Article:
versus 45 ms, respectively; Wilson et al. 1983). Without
further study, however, it is difficult to say whether
these are magno- or parvocellular connections.
Taken together, these findings indicate that it maybe
more appropriate to describe the affective predictions
generated by the medial and lateral OFC as phases in a
single affective prediction evolving over time, rather
than as two separate ‘types’ of affective predictions
(with one informing the other). This interpretation is
supported by the observation that the medial and
lateral OFC are strongly connected by intermediate
areas (figure 3); in addition, the lateral OFC receives
some low spatial frequency visual information and the
medial OFC some high spatial frequency information;
and, magnocellular and parvocellular projections are
not as strongly anatomically segregated as was first
believed (for a review, see Laylock et al. (2007)).
Furthermore, there are strong connections throughout
the dorsal ‘where’ and ventral ‘what’ streams at all
levels of processing (Merigan & Maunsell 1993; Chen
et al. 2007). Finally, the OFC has widespread
connections to a variety of thalamic nuclei that receive
highly processed visual input and therefore can not be
treated as solely bottom-up structures in visual
processing.1As a result of these interconnections, the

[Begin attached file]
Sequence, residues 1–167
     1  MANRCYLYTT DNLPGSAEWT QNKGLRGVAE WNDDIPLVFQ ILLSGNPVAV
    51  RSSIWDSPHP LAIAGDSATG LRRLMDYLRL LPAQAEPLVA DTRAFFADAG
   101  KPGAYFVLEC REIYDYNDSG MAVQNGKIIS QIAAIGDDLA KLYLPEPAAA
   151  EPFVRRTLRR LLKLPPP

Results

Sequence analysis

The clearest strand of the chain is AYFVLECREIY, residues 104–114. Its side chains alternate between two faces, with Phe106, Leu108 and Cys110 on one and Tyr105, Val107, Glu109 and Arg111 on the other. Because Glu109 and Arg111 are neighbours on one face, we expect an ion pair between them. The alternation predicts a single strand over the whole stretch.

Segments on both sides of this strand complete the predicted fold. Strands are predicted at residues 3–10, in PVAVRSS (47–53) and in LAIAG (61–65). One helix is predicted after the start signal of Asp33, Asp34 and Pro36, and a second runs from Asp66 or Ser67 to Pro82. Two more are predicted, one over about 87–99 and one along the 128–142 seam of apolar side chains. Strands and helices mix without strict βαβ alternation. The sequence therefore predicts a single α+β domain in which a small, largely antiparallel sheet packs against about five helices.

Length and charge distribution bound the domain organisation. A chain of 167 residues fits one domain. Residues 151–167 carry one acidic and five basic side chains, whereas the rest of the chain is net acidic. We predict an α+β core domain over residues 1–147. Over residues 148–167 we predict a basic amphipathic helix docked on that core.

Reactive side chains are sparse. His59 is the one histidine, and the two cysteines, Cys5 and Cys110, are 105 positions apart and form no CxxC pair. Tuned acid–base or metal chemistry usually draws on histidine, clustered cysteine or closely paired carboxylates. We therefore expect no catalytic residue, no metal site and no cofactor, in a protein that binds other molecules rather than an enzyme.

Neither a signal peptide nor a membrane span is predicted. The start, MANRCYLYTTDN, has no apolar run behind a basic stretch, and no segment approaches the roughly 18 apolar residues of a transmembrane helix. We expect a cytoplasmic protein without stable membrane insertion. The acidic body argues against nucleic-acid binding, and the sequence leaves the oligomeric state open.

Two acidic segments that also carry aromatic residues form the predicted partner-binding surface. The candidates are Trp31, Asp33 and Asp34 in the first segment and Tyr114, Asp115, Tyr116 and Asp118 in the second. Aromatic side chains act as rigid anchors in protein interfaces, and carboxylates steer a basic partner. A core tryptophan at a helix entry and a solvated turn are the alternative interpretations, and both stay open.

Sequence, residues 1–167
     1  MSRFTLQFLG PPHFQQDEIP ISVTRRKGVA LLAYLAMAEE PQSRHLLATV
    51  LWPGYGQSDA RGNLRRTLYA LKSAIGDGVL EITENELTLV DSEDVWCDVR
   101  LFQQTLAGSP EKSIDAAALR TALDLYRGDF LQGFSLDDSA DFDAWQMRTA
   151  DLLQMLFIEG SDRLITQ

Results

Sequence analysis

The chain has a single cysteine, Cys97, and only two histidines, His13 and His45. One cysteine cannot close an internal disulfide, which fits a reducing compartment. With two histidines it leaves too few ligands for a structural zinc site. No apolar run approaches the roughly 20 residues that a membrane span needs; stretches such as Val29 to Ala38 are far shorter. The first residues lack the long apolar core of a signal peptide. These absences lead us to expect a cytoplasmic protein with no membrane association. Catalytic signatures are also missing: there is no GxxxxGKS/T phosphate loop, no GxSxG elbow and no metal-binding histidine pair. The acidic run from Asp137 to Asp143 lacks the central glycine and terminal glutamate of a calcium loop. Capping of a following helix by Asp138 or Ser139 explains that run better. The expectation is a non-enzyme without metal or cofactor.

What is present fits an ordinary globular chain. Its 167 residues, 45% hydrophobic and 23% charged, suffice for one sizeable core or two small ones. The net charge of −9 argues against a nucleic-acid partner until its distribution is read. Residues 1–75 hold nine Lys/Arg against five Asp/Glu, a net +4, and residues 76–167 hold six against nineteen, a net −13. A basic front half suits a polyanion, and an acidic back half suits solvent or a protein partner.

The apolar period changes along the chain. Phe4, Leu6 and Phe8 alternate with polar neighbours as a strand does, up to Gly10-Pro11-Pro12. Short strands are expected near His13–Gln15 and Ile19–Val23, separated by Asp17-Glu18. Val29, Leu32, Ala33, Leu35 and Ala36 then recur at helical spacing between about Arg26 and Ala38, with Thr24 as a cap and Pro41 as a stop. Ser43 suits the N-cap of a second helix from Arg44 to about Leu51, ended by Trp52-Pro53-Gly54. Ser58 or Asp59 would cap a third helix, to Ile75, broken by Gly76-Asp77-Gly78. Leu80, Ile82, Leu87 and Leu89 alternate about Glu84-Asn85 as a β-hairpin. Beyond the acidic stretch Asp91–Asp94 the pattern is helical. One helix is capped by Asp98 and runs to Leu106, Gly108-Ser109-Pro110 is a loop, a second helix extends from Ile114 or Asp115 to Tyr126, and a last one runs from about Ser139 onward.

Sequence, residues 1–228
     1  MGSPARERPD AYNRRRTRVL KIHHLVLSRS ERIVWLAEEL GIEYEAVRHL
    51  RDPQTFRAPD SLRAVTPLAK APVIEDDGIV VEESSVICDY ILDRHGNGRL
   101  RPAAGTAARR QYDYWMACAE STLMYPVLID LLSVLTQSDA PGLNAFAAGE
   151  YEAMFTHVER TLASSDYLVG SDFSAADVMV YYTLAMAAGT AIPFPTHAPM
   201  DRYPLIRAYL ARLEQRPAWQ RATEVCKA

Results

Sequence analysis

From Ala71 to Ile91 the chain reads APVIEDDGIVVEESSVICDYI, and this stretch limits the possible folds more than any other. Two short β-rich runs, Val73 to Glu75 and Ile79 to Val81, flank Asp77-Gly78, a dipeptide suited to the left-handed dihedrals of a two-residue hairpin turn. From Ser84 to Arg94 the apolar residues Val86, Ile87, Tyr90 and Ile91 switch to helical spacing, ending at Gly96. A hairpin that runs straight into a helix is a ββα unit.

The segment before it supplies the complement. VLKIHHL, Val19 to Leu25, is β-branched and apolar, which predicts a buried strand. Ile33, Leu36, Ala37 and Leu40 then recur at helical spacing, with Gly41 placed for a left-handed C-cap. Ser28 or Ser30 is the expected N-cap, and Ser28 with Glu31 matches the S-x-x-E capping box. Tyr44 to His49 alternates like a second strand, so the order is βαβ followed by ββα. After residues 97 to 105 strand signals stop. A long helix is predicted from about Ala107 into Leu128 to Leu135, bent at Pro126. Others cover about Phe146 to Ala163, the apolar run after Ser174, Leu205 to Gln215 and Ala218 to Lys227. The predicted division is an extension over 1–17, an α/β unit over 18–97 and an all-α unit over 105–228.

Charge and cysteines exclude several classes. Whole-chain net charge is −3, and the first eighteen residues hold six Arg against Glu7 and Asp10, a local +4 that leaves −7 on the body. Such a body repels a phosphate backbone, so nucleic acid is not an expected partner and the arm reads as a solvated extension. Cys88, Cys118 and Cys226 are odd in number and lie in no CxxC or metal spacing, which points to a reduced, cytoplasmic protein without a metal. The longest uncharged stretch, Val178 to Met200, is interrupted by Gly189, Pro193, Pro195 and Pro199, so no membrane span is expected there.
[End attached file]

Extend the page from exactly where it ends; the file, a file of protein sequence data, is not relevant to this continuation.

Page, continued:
timing differences in the medial and lateral OFC
affective predictions will be small and perhaps difficult
to measure with the current technology, even if they
prove to be functionally significant in the time course of
A tremendous amount of research has now established
that object recognition is a complex process that relies
on many different sources of information from the
world (e.g. contrast, colour, texture, low spatial
frequency cues). In this paper, we suggest that object
recognition uses another source of information:
sensory cues from the body that represent the object’s
value in a particular context. We have laid the
foundation for the hypothesis that people do not wait
to evaluate an object for its personal significance until
after they know what the object is. Rather, an affective
reaction is one component of the prediction that helps a
person see the object in the first place. Specifically, we
hypothesize that very shortly after being exposed to
objects, the brain predicts their value for the person’s
well-being based on prior experiences with those
objects, and these affective representations shape the
person’s visual experience and guide action in the
immediate future. When the brain effortlessly guesses
an object’s identity, that guess is partially based on how
the person feels.
Our ideas about affective prediction suggest that
people do not come to know the world exclusively
through their senses; rather, their affective states
influence the processing of sensory stimulation from
the very moment an object is encountered. These ideas
also suggest the intriguing possibility that exposure to
visual sensations alone is not sufficient for visual
experience. And even more exciting, plasticity in visual
cortex areas might require, at least to some extent, the
formation of connections between visual processing
areas in the back of the brain and affective circuitry in
the front. This suggests that affective predictions may
not be produced by feedback from the OFC alone. As
unlikely as it may seem, affective predictions might also
influence plasticity in the visual system so that visual
processing is changed from the bottom-up.
This, of course, brings us back to Mr May. Even
several years after his surgery, Mr May’s brain did not